3-dots-3-lines

The challenge isn’t in thinking outside the box — it’s thinking entirely without a box! It’s about thinking without any boundaries or rules. Nobody’s going to stop you from trying something unexpected or different. The solutions you’re looking for don’t have to be elegant — they just have to work.

Here’s your permission to break a few rules today. There’s always another way to do the work you want to do.

  1. Channel your inner Ferris Bueller! Only the meek get pinched!

Momentum Matters.

locked door

I hate feeling stuck.

I hate those weeks where you feel like things aren’t moving forward — your relationships, your job, your life. You feel like things aren’t going at the speed you want.

I’ve been there enough times to know how to get myself unstuck, and it might work for you, too:

By starting something.

A new series of classes at the gym. A new writing routine. A new challenge: reading a new book every month, cooking a new recipe every week, whatever.

I find that as soon as I get a little energy behind a new thing, even if it’s a small thing, everything else my life tends to open up, too. Motion turns into momentum. I start noticing new ways to attack a problem at work. I start developing new ideas for launches or ways for teams to work together.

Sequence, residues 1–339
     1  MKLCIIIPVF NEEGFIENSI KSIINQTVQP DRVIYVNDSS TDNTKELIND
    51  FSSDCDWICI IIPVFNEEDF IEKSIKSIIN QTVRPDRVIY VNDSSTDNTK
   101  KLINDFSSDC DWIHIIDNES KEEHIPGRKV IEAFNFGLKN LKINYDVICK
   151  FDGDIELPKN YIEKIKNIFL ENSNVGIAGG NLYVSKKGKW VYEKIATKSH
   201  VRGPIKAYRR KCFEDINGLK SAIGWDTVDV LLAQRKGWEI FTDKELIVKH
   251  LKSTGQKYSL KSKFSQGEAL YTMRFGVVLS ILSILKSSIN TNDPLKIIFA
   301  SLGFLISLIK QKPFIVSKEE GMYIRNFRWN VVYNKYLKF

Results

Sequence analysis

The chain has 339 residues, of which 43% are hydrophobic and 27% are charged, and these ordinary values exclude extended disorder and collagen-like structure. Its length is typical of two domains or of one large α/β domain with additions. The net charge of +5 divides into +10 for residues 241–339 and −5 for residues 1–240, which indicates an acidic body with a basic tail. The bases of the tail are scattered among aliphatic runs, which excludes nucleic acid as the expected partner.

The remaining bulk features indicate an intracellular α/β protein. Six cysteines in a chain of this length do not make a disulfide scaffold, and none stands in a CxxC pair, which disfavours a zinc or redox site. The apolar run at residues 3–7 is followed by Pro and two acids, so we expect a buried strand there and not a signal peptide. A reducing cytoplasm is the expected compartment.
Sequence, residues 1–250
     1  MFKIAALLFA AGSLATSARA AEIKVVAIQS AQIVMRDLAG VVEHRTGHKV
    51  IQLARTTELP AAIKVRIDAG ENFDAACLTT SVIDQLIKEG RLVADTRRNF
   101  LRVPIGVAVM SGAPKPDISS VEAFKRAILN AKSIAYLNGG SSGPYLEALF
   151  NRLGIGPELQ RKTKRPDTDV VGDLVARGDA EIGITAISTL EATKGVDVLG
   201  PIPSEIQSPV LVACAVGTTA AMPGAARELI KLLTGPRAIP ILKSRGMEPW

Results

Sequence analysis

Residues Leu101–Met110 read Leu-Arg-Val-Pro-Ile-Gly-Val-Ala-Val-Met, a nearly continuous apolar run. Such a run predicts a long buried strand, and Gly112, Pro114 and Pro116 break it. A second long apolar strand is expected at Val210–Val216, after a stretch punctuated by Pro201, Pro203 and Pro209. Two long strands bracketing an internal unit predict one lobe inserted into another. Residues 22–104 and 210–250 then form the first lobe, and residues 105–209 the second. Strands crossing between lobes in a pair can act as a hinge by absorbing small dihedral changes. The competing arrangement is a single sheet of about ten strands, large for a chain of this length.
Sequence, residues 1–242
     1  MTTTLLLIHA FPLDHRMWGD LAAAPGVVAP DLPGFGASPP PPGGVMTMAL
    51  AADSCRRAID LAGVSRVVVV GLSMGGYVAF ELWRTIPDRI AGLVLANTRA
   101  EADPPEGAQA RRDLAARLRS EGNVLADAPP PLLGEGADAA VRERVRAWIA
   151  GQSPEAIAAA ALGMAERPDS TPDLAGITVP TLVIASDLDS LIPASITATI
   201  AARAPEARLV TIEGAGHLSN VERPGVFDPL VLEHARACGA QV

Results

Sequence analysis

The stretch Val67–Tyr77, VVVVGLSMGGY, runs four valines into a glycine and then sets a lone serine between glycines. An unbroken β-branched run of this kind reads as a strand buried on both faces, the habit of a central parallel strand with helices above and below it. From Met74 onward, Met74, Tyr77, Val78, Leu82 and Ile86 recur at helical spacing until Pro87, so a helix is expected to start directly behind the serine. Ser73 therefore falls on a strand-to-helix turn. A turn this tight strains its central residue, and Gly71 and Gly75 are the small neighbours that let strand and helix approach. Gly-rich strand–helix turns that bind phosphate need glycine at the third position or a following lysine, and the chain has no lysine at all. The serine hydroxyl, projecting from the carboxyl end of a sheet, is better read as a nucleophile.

There’s something about trying a new thing that kickstarts my brain. I know I can get stuck in my head, dwelling on a problem or project for way too long. Starting something new gets me past that and focused on what’s ahead. And often a simple act — deciding to start — is enough to get me past a big obstacle.

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This post got me thinking about getting past the obstacles in your life — hence that photo of a locked door. The photo’s by Cristina Gottardi, and was first published on Unsplash.

The One Thing You Can Control Is The Way You Work.

start of the Olympic race

Imagine for a second that you’re a kid again, and you’re fast. You’re really fast. You’re the fastest kid on your block. The fastest guy in your neighborhood. The fastest guy in your school. When you run, everyone else spends a lot of time looking at your backside as you pull away. You don’t run as much as you glide, effortlessly, as though you were born to do this one thing. In a way, you were. For you, running is effortless. You’re the fastest guy in every meet you enter. You’re the fastest kid in the county, the state.